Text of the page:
US4305418 *May 29, 1979Dec 15, 1981Spiro Investment S.A.Fluid flow control valve
Referenced by
Citing PatentFiling datePublication dateApplicantTitle
US5251815 *Dec 18, 1992Oct 12, 1993American Standard Inc.Self powered and balancing air damper
US5674125 *Jan 24, 1995Oct 7, 1997American Standard Inc.Fresh air flow modulation device
US5741180 *Apr 11, 1997Apr 21, 1998American Standard Inc.Device for monitoring/modulating the admission of fresh air into a building
US6049299 *Aug 2, 1996Apr 11, 2000American Standard Inc.Dithering an analog signal to improve measurement
US6368012Dec 22, 1999Apr 9, 2002Abb Flexible Automation, Inc.Compliant end effector
US8500528Nov 6, 2008Aug 6, 2013Don A. LeonhardCombination bearing, linkage pin and shaft coupling for a damper
Classifications
U.S. Classification137/219, 251/61.2
International ClassificationF24F13/16
Cooperative ClassificationF24F13/16
European ClassificationF24F13/16
Legal Events
DateCodeEventDescription
Jan 29, 2001ASAssignment
Owner name: AMERICAN STANDARD INTERNATIONAL INC., NEW YORK
Free format text: NOTICE OF ASSIGNMENT;ASSIGNOR:AMERICAN STANDARD INC., A CORPORATION OF DELAWARE;REEL/FRAME:011474/0650
Effective date: 20010104
Owner name: AMERICAN STANDARD INTERNATIONAL INC. A CORPORATION
Free format text: NOTICE OF ASSIGNMENT;ASSIGNOR:AMERICAN STANDARD INC., A CORPORATION OF DELAWARE /AR;REEL/FRAME:011474/0650
Dec 6, 1999FPAYFee payment
Year of fee payment: 12
Nov 14, 1997ASAssignment
Owner name: AMERICAN STANDARD, INC., NEW JERSEY
Free format text: RELEASE OF SECURITY INTEREST;ASSIGNOR:CHASE MANHATTAN BANK, THE (FORMERLY KNOWN AS CHEMICAL BANK);REEL/FRAME:008869/0001
Effective date: 19970801
Nov 13, 1997ASAssignment
Owner name: AMERICAN STANDARD, INC., NEW JERSEY
Free format text: RELEASE OF SECURITY INTEREST (RE-RECORD TO CORRECT DUPLICATES SUBMITTED BY CUSTOMER. THE NEW SCHEDULE CHANGES THE TOTAL NUMBER OF PROPERTY NUMBERS INVOLVED FROM 1133 TO 794. THIS RELEASE OF SECURITY INTEREST WAS PREVIOUSLY RECORDED AT REEL 8869, FRAME 0001.);ASSIGNOR:CHASE MANHATTAN BANK, THE (FORMERLY KNOWN AS CHEMICAL BANK);REEL/FRAME:009123/0300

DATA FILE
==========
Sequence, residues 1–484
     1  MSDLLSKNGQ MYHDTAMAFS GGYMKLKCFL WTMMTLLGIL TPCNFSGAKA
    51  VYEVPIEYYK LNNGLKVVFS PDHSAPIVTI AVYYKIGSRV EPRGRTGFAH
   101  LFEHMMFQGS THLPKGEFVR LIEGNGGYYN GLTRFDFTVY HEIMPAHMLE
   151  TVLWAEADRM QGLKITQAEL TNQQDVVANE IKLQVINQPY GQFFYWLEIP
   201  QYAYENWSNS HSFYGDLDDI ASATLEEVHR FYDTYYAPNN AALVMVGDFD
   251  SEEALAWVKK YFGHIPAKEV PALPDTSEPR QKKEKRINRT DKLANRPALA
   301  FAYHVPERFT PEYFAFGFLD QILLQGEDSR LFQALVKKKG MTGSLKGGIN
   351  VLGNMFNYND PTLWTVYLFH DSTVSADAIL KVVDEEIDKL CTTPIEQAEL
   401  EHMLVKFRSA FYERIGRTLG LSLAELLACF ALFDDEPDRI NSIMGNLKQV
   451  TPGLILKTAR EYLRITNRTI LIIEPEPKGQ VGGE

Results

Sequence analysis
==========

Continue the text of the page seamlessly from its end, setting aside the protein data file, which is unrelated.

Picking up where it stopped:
Effective date: 19970801
Jul 3, 1995FPAYFee payment
Year of fee payment: 8
Jun 2, 1993ASAssignment
Owner name: CHEMICAL BANK, AS COLLATERAL AGENT, NEW YORK
Free format text: ASSIGNMENT OF SECURITY INTEREST;ASSIGNOR:BANKERS TRUST COMPANY, AS COLLATERAL TRUSTEE;REEL/FRAME:006565/0753
Effective date: 19930601
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Jul 8, 1991FPAYFee payment
Year of fee payment: 4
Jun 28, 1988ASAssignment
Owner name: BANKERS TRUST COMPANY
Free format text: SECURITY INTEREST;ASSIGNOR:AMERICAN STANDARD INC., A DE. CORP.,;REEL/FRAME:004905/0035
Owner name: BANKERS TRUST COMPANY, 4 ALBANY STREET, 9TH FLOOR,
Free format text: SECURITY INTEREST;ASSIGNOR:TRANE AIR CONDITIONING COMPANY, A DE CORP.;REEL/FRAME:004905/0213
Effective date: 19880624
Owner name: BANKERS TRUST COMPANY, NEW YORK
Oct 19, 1987ASAssignment
Owner name: AMERICAN STANDARD, INC., NEW YORK, NEW YORK, A COR
Free format text: ASSIGNMENT OF ASSIGNORS INTEREST.;ASSIGNORS:RING, H. KENNETH;MANTHEI, DENNIS L.;WEBER, STEVEN C.;REEL/FRAME:004773/0840
Effective date: 19871009
Owner name: AMERICAN STANDARD, INC.,NEW YORK
Free format text: ASSIGNMENT OF ASSIGNORS INTEREST;ASSIGNORS:RING, H. KENNETH;MANTHEI, DENNIS L.;WEBER, STEVEN C.;REEL/FRAME:004773/0840